Drinking While Pregnant Could Become a Crime in England

Drinking While Pregnant Could Become a Crime in England

By Bryan Le 02/24/14

A landmark case could soon decide that moms drinking while pregnant are criminally responsible for what happens to their children.

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The UK Court of Appeal will soon hear a case that could set precedent over the criminalization of excessive drinking during pregnancy. In the landmark case, lawyers will argue that a six-year-old girl is actually the victim of a crime committed by her mother, whose pregnant drinking resulted in the girl having brain damage - a risk the mother was aware of.

Fetal Alcohol Syndrome has seen a 50 percent rise in the UK in the past three years, with 313 recorded cases of exposure to alcohol in the womb in 2012 and 2013. The Department of Health has reported that one in 100 infants are born with alcohol-related disorders.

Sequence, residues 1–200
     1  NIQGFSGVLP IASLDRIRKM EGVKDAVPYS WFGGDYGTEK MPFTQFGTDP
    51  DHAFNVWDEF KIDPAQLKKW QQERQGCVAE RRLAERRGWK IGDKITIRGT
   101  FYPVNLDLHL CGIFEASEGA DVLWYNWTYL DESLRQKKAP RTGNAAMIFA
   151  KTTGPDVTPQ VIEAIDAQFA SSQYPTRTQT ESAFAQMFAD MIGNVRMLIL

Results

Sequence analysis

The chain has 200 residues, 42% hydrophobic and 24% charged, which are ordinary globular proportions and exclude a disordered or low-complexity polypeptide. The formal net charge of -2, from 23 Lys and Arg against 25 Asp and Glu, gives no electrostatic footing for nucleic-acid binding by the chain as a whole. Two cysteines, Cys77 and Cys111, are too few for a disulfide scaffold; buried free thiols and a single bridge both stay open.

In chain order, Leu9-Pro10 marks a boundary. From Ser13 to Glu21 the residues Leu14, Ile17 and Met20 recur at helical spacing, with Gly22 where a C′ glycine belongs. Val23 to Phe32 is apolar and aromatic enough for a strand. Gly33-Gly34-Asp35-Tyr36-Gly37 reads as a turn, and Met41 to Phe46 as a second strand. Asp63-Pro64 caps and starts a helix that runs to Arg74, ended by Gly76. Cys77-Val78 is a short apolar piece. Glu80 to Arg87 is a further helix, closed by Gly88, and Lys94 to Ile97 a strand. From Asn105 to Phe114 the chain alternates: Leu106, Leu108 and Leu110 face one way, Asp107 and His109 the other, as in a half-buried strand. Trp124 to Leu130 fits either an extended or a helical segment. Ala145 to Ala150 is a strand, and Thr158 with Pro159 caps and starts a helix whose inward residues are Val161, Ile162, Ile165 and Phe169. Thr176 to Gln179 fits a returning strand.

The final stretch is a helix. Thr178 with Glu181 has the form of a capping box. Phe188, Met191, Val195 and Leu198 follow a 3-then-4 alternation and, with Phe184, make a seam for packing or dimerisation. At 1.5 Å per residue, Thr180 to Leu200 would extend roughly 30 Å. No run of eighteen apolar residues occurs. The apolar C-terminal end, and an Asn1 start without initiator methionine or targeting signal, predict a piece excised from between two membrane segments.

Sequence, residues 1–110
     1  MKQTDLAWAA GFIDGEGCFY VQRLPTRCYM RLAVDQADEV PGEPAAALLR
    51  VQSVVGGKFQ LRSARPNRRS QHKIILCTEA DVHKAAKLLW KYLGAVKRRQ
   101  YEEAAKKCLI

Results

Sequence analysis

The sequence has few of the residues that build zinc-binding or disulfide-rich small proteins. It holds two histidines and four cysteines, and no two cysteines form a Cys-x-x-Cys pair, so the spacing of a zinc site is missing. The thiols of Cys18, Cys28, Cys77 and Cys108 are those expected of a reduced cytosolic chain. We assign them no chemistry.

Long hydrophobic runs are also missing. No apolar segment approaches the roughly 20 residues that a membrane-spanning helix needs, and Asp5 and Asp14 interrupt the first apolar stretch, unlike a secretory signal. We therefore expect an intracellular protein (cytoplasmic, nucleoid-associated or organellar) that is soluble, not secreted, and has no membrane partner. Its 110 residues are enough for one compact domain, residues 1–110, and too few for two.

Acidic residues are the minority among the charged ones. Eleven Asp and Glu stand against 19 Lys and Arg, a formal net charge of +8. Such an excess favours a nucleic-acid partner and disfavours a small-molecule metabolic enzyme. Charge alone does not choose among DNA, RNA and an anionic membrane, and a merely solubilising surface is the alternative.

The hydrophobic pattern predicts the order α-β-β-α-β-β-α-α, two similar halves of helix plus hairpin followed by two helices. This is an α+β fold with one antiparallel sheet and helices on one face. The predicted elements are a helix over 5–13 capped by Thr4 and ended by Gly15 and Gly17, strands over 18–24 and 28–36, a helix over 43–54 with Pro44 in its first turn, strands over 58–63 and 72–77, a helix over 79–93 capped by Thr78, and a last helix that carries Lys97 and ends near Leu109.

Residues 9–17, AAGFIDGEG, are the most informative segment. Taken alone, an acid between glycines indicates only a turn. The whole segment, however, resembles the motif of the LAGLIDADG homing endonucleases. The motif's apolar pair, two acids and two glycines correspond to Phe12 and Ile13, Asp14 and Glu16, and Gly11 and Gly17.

While the landmark case has the potential to criminalize binge drinking during pregnancy, many believe such a law doesn't go far enough and that drinking any amount while pregnant should be illegal.

“[The law] should be to abstain from alcohol throughout pregnancy. You can't make it a criminal offence if you are still legally saying this is a safe amount to drink or you can drink," said Sue Brett, the adoptive mother of Glenn, a 15 year old born with FAS who lives with disabilities and has the mental age of a four-year-old. "It needs to be clear from the start that you can't drink."

Health experts have said that complete and total abstinence from alcohol is the only way to ensure the safety of the unborn child. “If you avoid [drinking], that's the safest route,” said Dr. Raja Mukherjee, a psychologist and expert in fetal alcohol syndrome. “That doesn't mean that people who've drunk a little bit have harmed their child, most people won't have done, but if you want to guarantee safety and you want to guarantee no risk then no alcohol is the best way forward."

But not all are in agreement. Susan Fleisher, founder of NOFAS-UK, an organization dedicated to raising awareness on the impact of alcohol during pregnancy, said there are many things that could be done to prevent FAS, but does not believe criminally prosecuting pregnant mothers is one of them. “Women can't be prosecuted for something they don't know about," Fleisher said. "To be fair, women who are alcoholics, who have an issue with drinking, should be given support and should be given information so they know there's a chance they could harm another life."